The paintings of late bloomer Rosemary Bernard inspire younger artists.
Rosemary Bernard already had a bachelor's degree in upper elementary education and a master's in creative writing when she retired in the early 1980s, but she decided to go back to school for painting at UL Lafayette. During a time when Bill Moreland, Herman Mhire and John Geldersma were in UL's art department, Bernard received an education in color. "My paintings are very colorful and very bright and very happy," she says. "Everyone says they smile, and it makes them feel good to look at my paintings."
Great-great-grandmother Bernard is now in her 90s, still drives around New Iberia and hosts the town's "Art Group" at her home once a month. This week, she'll host the opening of her own exhibit, Sunrises, Sunsets & Tygers, in Jefferson Street Market's Galerie Lafayette. It's not her debut show, but it will be the first time her paintings are offered for sale. "I've decided I should have a show and sell my paintings because my house is overloaded with them," she says.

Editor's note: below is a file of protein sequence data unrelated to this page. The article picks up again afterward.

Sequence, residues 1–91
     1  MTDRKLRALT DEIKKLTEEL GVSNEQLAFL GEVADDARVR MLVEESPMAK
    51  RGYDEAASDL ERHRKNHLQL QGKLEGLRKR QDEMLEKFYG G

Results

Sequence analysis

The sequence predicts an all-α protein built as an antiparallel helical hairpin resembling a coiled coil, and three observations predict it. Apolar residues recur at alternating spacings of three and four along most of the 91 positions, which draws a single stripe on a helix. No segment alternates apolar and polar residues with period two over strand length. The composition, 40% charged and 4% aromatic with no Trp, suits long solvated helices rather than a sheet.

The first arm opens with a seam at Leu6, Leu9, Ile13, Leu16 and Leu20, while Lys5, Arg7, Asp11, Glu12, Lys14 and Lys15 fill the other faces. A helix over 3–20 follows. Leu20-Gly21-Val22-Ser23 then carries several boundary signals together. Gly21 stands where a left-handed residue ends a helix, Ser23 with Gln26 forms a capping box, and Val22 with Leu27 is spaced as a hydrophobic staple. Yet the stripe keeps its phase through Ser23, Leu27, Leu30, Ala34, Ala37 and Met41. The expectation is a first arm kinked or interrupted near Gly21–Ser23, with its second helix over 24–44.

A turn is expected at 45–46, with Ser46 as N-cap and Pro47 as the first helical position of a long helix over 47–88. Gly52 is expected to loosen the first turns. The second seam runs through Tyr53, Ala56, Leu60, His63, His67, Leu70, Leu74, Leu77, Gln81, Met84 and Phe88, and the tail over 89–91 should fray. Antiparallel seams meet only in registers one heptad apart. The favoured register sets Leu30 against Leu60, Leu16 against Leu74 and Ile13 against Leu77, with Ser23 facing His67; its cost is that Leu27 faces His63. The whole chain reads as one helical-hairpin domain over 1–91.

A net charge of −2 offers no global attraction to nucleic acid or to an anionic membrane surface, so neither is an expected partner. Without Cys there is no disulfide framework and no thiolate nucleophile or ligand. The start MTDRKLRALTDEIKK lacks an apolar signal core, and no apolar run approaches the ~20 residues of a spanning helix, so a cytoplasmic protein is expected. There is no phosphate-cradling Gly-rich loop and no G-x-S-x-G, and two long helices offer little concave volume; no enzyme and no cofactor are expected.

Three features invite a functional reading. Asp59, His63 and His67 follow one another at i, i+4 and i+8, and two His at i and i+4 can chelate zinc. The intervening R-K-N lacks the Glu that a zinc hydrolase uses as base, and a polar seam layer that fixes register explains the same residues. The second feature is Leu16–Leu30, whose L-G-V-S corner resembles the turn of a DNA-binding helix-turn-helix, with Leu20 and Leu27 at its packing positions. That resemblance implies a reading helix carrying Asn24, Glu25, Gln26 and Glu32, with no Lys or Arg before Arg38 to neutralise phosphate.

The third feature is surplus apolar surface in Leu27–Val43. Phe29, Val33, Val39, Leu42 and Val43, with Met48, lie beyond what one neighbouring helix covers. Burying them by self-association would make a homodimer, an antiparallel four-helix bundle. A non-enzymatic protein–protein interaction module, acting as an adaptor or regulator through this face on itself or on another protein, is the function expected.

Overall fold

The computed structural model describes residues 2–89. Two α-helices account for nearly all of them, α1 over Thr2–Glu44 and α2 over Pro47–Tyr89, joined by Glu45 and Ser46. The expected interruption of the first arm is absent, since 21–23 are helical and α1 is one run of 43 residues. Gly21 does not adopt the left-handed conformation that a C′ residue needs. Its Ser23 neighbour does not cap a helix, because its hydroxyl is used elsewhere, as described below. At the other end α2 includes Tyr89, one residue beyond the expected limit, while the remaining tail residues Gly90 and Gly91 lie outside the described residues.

Bernard is currently working on Spanish Lake Spirit Poles in the style of Geldersma, using driftwood from the lake around her house and plenty of bright color. Her exhibit title comes from the lake's sunrises and sunsets and the William Blake poem, "The Tyger."
New Iberia artist Paul Schexnayder says Bernard has inspired him and other local artists to use more color and take their works to another level. "She's like the grandmother of all theses artists here," he says. "She's progressive. She's pretty hip." Schexnayder predicts Bernard's exhibit will serve as a retrospective and colorful pictorial history of New Iberia. "Her family owned Bernard Wagon Works, Bernard Syrup Mill, these old, old things in New Iberia's past," he says. "It's like electric colors, all those pinks and purples. Every painting has to have red. She's a colorful person just like her paintings."
Sunrises, Sunsets & Tygers opens Saturday, Aug. 12 at Jefferson Street Market in a reception from 5-8 p.m. and will be on display through Sept. 2. For more info or to purchase Bernard's work, call 364-0825.